The title of Tear, like much of the book, has an element of intrigue, resisting easy reading with its potential double meaning. How did you choose the title and what does it mean to you?
The title of the book was actually Frances, in echo of Mary Shelley’s Frankenstein, until the moment before submitting to publishers. Tear felt punchier to me, and I loved its capacity to hold double meaning. The title is intentionally a homonym: it can either be pronounced “tear” as in “rip” or “tear” as in “teardrop,” reflecting the combination of horror and grief in the novel. Ultimately, the title balances uncertainly between two alternative but related interpretations, and that’s what so much of the book is about—resisting easy answers and conviction.
Tear has been called a coming-of-age story seen through a horrifying lens; a “deformed Bildungsroman”. How do you feel about that characterization? And how do you see the coming-of-age element in Tear informing Frances’ character development?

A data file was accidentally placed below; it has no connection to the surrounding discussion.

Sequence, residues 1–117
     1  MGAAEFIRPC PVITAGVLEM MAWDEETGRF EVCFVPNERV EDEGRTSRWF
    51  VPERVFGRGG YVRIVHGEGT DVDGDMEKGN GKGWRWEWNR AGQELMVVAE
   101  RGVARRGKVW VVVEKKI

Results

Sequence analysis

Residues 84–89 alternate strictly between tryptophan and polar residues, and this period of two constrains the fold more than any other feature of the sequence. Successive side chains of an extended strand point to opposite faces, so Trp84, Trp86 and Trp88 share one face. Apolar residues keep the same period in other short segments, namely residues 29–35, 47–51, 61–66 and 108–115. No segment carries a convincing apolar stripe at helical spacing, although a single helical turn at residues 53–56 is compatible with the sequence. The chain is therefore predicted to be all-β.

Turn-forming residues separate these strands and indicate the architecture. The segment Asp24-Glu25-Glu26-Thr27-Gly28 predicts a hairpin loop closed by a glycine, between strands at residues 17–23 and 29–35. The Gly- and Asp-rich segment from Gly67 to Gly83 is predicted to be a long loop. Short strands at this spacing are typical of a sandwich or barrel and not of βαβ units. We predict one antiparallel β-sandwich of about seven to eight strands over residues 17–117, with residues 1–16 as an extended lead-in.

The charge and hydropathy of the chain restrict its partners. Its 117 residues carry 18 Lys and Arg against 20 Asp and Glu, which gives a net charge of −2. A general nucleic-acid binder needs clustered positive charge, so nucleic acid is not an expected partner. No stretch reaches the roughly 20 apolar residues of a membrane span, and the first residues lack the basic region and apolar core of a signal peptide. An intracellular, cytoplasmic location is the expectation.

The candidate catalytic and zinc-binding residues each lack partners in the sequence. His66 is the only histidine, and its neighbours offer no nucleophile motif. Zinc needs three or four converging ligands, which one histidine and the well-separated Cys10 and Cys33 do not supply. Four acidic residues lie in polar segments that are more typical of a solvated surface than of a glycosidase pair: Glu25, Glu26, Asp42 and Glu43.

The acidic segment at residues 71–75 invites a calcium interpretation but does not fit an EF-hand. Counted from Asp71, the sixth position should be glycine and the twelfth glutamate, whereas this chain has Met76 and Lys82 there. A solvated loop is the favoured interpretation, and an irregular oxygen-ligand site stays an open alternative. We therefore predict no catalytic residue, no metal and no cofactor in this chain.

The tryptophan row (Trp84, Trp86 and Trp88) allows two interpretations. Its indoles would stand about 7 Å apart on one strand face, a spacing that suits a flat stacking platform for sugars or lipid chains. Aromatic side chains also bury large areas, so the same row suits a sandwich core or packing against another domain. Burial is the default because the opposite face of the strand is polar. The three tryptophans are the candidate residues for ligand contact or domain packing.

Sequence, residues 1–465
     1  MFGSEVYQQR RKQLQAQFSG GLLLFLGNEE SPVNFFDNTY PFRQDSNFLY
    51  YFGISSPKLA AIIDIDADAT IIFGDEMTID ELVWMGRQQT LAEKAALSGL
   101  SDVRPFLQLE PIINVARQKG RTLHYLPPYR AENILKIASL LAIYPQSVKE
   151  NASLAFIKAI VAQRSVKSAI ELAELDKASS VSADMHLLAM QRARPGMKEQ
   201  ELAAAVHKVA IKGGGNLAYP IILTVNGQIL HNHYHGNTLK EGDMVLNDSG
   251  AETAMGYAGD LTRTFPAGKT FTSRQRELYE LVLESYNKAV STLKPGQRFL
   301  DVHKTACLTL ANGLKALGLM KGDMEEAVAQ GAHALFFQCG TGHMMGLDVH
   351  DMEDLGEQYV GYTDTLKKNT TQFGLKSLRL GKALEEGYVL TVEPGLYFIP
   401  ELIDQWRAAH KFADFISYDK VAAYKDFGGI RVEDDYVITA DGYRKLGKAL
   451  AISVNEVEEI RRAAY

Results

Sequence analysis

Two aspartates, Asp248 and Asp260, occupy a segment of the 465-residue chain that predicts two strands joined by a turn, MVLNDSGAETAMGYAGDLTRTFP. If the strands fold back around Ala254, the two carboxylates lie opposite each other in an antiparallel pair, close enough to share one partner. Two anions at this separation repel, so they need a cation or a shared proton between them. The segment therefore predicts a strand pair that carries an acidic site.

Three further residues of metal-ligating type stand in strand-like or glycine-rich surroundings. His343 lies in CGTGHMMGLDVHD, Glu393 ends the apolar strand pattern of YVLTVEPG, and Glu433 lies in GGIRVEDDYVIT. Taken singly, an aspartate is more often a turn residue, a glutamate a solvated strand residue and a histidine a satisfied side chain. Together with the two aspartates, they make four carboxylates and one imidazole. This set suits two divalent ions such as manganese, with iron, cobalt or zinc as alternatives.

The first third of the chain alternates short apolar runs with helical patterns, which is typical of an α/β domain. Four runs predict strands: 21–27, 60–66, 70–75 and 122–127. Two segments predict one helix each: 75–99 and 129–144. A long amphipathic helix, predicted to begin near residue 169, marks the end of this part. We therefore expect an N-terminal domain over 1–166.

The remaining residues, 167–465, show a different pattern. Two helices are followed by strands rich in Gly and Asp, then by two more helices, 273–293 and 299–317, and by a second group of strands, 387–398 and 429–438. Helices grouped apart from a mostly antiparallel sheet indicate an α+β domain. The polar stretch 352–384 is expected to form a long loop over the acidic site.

I suppose I like the characterization of a “deformed Bildungsroman”, especially because I’m the one who wrote it! One of the biggest considerations of Tear is what it means to feel stunted during the process of growing up and entering the “adult” world. I put “adult” in quotation marks here because I’m still unsure what the adult world is or how being an adult is really all that different from being a child. Frances can’t locate the difference either, and she’s reluctant to leave her child-self behind. Essentially, Frances feels that she can’t bring her child-self along with her as she graduates from university and enters a world of apparent professionalism, self-definition, and straightforward answers. In the basement, she’s torn between present-day “reality” and a blur of memory. As a result, her character development is a kind of expansive regression—a paradoxical, monstrous unbecoming.
How do you view Tear in terms of genre? Did you set out to incorporate horror elements or take inspiration from great women horror writers (including, possibly, those whose work Tear has been compared to, like Mary Shelley and Shirley Jackson)? Or was genre not a conscious concern during the writing process?